Ornellaia shows off 25 years of evolution
Ornellaia celebrated its 25th vintage release by raising £275,000 last night for the Royal Opera House in London, as well as conducting an extensive vertical tasting.
As reported previously by the drinks business, the auction line-up included a unique Salmanazar of the latest 2010 vintage release, as well as double magnums featuring the reflective design created for the Bolgheri estate by Italian artist Michelangelo Pistoletto.
Before the auction, Ornellaia winemaker Axel Heinz hosted a vertical tasting at Sotheby’s, featuring vintages back to 1990 to illustrate the estate’s evolution.
In particular, Heinz stressed the positive impact on quality of increasing vine age, with the estate gradually adapting factors such as oak, extraction and alcohol management to achieve the right balance.
“Today’s wines have more stuffing, more density,” summed up Heinz, who joined Ornellaia as its third ever winemaker in 2005, having worked previously in St Emilion.
With Ornellaia’s vines now aged up to 30 years old, he remarked: “Slowly but surely we’re starting to have a vineyard that’s mature. We’re adapting ourselves and needing to interfere a little less than in the past. We very much feel that we don’t need aggressive winemaking techniques any more, which we would have done when the vines were young.”
Likewise, he suggested: “The refined tannin qualities of the last few years are also linked to the maturity of the vineyards.”
Commenting on the alcohol level in the estate’s 2009 vintage, which Heinz suggested was “14.5% maybe a little higher,” he acknowledged this as a factor that has require particular attention recently.
“What we’ve seen in the last few years has been an acceleration in alcohol levels,” he reported, adding: “I’m still not sure if the rise in alcohol is linked to the youth of the vines and will balance as they get older.”
In order to tackle this issue, Heinz pointed to vineyard management. “You can raise yields, but they’re not all that low at Ornellaia anyway,” he observed, noting that instead “we have been working at reducing the canopy to have less vigorous vines that consume less water.”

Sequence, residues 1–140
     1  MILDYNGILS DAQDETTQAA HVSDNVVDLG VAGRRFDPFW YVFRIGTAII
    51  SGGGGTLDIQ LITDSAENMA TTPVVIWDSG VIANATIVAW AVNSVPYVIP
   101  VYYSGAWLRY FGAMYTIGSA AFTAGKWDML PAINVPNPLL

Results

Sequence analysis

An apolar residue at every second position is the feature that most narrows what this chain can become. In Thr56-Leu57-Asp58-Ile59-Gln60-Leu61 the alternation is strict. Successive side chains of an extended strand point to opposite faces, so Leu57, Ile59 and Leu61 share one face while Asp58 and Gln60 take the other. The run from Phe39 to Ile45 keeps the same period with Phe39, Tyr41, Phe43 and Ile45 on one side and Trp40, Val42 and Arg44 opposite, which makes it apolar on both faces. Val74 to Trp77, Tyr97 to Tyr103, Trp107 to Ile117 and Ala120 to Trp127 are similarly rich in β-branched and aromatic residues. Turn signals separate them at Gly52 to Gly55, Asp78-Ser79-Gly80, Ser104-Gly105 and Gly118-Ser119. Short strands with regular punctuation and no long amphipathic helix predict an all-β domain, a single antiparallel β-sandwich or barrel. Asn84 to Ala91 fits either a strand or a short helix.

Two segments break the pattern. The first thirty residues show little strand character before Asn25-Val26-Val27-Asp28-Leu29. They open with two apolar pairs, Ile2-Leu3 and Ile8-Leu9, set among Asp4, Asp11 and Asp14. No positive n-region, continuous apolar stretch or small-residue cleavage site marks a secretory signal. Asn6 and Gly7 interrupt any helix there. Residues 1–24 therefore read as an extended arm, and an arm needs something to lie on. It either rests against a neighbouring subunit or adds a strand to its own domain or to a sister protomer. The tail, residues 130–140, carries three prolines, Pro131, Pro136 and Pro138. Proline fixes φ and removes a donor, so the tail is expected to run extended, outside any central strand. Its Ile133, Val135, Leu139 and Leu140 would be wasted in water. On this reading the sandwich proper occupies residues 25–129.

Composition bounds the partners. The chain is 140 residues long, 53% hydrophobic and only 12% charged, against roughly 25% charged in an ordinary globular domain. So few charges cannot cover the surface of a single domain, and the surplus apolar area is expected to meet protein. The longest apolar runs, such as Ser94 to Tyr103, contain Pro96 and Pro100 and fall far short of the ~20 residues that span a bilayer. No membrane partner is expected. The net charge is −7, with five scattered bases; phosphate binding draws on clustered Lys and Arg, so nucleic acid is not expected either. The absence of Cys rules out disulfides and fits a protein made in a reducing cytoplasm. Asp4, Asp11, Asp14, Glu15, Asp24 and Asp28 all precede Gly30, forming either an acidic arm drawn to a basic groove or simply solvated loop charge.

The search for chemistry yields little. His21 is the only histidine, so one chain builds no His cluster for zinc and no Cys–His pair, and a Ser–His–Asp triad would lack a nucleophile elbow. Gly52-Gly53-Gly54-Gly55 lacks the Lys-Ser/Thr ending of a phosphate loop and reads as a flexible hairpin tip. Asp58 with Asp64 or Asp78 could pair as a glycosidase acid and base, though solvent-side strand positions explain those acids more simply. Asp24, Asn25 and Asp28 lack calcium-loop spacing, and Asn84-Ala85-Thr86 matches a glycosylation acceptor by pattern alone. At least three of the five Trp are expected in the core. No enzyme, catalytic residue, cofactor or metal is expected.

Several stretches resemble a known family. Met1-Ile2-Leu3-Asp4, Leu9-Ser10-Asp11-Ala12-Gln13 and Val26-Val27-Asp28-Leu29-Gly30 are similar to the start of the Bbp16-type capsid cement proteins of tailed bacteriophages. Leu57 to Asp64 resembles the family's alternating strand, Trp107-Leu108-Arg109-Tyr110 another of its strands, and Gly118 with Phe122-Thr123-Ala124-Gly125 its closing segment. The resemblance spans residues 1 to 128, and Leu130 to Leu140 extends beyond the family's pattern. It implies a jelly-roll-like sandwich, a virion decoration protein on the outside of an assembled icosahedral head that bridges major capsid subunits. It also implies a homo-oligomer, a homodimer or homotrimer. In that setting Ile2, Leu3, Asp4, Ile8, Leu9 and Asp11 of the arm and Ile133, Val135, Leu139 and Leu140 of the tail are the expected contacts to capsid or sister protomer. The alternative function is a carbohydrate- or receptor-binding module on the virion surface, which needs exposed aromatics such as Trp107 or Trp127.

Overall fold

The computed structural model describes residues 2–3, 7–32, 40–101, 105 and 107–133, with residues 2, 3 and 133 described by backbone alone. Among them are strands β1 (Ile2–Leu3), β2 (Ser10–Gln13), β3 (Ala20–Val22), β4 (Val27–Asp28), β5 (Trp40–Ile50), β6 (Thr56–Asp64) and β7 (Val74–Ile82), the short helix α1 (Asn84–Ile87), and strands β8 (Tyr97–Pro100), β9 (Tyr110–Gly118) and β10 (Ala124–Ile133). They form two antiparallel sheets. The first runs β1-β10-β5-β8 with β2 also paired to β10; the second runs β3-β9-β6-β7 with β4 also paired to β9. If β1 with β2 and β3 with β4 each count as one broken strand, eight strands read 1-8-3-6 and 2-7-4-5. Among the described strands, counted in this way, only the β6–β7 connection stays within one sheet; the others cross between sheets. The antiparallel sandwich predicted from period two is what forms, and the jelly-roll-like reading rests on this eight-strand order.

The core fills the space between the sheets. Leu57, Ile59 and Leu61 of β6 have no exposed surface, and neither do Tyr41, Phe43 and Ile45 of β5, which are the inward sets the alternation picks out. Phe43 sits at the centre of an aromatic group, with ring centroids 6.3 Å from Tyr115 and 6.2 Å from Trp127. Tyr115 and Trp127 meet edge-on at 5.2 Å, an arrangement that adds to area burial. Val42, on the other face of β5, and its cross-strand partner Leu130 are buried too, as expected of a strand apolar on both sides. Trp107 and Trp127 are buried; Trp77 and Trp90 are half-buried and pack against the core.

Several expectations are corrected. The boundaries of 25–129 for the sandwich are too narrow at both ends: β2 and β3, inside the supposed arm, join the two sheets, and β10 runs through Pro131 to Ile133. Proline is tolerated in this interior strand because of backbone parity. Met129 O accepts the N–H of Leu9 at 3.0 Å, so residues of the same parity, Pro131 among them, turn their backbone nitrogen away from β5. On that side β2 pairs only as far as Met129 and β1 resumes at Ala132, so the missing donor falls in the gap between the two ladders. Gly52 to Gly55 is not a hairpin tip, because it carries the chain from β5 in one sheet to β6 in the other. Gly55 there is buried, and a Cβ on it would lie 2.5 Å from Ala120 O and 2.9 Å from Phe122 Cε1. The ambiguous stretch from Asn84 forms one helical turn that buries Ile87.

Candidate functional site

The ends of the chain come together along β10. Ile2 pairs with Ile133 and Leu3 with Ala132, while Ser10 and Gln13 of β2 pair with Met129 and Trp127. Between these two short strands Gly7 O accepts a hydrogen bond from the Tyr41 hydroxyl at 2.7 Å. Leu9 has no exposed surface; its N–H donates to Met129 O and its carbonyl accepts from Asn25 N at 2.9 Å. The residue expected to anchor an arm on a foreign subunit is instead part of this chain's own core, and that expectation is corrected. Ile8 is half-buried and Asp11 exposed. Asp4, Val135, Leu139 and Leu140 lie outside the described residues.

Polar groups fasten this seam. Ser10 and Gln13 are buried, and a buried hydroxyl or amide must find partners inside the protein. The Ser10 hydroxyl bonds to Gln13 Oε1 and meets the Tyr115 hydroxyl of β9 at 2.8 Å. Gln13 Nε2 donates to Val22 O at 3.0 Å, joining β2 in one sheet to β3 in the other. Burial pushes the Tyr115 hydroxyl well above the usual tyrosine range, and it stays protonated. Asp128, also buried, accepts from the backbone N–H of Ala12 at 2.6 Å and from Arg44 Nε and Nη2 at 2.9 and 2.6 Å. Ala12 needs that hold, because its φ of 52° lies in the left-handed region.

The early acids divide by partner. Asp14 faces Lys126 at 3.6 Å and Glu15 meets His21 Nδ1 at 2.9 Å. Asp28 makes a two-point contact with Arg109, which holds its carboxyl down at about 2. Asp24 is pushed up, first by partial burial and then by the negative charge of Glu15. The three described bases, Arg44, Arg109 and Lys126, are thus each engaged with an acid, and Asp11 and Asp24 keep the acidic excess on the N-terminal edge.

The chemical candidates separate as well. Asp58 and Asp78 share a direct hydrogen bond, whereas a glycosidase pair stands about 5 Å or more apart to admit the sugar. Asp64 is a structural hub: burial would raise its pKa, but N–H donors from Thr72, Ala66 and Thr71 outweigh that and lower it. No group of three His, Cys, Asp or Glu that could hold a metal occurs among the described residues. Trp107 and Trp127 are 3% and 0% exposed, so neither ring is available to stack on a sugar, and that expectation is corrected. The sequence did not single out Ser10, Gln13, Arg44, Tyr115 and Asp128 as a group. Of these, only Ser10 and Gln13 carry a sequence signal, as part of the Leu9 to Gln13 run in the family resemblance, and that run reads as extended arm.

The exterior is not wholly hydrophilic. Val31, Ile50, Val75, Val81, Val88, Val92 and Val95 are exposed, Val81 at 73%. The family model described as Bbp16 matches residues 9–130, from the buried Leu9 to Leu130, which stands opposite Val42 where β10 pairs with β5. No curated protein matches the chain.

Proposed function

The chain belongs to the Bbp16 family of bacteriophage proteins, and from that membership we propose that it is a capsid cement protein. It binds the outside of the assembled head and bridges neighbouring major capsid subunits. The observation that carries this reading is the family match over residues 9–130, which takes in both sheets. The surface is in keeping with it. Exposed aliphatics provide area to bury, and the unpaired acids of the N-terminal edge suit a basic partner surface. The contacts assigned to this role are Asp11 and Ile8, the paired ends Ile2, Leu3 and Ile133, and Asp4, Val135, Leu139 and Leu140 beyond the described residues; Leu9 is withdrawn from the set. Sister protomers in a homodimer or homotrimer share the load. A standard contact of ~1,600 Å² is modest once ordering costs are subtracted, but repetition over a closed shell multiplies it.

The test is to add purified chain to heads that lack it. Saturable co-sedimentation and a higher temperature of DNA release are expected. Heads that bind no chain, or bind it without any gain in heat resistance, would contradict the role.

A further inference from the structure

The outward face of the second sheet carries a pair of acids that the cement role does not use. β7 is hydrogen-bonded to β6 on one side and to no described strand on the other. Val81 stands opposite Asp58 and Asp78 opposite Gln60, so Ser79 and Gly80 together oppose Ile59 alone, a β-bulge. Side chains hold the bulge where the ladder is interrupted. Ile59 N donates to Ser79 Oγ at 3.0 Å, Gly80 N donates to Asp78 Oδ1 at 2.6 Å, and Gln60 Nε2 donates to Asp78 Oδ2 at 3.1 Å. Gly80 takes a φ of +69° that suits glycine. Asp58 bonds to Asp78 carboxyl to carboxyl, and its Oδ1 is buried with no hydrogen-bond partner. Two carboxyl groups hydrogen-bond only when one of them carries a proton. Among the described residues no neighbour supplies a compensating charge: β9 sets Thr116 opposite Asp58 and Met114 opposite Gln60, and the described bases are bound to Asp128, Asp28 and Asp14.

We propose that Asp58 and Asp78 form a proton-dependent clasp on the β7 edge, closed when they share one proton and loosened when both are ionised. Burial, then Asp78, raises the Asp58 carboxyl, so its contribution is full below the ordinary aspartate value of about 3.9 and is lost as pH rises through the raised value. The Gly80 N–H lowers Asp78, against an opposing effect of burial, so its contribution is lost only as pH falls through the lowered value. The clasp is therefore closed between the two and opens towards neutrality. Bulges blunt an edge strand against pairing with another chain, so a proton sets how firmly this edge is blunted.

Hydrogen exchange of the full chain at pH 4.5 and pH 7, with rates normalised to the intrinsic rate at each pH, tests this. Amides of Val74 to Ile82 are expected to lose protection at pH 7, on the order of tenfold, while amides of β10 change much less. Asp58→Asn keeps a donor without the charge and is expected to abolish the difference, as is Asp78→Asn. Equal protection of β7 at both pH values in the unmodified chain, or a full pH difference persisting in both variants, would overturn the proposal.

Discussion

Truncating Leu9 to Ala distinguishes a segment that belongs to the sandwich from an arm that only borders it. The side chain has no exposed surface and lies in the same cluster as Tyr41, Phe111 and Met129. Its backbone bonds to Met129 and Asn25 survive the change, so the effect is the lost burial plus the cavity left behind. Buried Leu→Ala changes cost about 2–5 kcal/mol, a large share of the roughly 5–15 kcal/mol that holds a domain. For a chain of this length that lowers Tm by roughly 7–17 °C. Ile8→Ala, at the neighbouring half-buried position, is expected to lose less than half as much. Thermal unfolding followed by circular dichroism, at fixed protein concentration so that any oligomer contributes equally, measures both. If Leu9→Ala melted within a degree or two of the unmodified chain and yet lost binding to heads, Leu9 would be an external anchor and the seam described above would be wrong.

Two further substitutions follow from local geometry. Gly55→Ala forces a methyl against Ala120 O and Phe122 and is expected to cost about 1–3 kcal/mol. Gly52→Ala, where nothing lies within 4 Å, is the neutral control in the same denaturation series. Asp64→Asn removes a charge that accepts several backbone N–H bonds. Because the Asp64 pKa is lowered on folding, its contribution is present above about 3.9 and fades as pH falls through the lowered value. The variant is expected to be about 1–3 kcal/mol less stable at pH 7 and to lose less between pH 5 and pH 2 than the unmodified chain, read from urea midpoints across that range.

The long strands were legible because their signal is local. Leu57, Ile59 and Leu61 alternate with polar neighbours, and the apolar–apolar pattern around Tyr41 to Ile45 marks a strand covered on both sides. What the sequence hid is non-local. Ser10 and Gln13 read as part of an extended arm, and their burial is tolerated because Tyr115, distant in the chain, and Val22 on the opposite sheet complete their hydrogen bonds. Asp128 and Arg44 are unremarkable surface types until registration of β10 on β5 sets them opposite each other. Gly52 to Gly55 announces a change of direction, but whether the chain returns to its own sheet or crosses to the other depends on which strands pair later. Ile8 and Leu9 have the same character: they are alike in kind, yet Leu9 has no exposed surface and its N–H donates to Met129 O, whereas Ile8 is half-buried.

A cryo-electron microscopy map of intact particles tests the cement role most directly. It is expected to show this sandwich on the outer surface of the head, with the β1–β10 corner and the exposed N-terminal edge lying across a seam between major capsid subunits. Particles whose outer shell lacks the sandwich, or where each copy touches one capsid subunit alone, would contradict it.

As a result, Heinz confirmed: “We’re not going to see 12 or 12.5% alcohol and I don’t think it would be the right level of ripeness, but we can at least know that it won’t go past 14.5%.”
Despite these efforts to rein in alcohol levels, he insisted: “In itself, we don’t feel it’s a problem.” To illustrate this confidence, Heinz noted: “We used to maybe have two great vintages in a decade but if we look at the last decade, half of them have been great vintages.”
As the maturing vines have produced fuller styles and the estate has built up a track record of longevity, Heinz marked a shift in Ornellaia’s use of oak. “In the first years it was a little
less daring,” he explained. “You wouldn’t want to put a huge amount of new oak on wines you’re not sure of aging.”
However, since the end of the ‘90s, he reported that the wines typically spend about 18 months in 70% new French oak, using many of the same Cognac cooperages that traditionally supply Bordeaux producers.
Similarly to fellow Bolgheri “Super Tuscan” producer Sassicaia, Ornellaia focuses on Cabernet Sauvignon and Cabernet Franc instead of local flagship Sangiovese. However, Ornellaia distinguishes itself from its neighbour with the addition of Merlot and Petit Verdot.
Following on from an experimental vineyard established in 1995, Ornellaia planted its first Petit Verdot in 2000, incorporating it into their wine from 2003. With just over 7ha of the variety currently planted, Heinz observed: “It ripens very readily and gives good results.”
However, he added: “We’re not able to use a lot in our wine – it’s difficult to go beyond 5%,” explaining: “It adds a touch of rusticity and loses the finesse we want in our wines.”